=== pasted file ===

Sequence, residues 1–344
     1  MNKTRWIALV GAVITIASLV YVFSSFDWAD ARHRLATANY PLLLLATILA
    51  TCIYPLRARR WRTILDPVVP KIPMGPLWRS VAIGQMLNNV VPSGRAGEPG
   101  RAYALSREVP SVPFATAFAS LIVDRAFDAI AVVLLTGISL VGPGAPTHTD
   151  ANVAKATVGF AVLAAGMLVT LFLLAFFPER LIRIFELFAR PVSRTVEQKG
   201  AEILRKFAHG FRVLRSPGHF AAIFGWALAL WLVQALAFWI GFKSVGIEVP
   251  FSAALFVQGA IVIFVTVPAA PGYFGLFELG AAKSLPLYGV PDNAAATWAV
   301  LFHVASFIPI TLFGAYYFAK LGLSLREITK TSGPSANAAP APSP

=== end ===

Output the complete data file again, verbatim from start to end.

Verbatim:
Sequence, residues 1–344
     1  MNKTRWIALV GAVITIASLV YVFSSFDWAD ARHRLATANY PLLLLATILA
    51  TCIYPLRARR WRTILDPVVP KIPMGPLWRS VAIGQMLNNV VPSGRAGEPG
   101  RAYALSREVP SVPFATAFAS LIVDRAFDAI AVVLLTGISL VGPGAPTHTD
   151  ANVAKATVGF AVLAAGMLVT LFLLAFFPER LIRIFELFAR PVSRTVEQKG
   201  AEILRKFAHG FRVLRSPGHF AAIFGWALAL WLVQALAFWI GFKSVGIEVP
   251  FSAALFVQGA IVIFVTVPAA PGYFGLFELG AAKSLPLYGV PDNAAATWAV
   301  LFHVASFIPI TLFGAYYFAK LGLSLREITK TSGPSANAAP APSP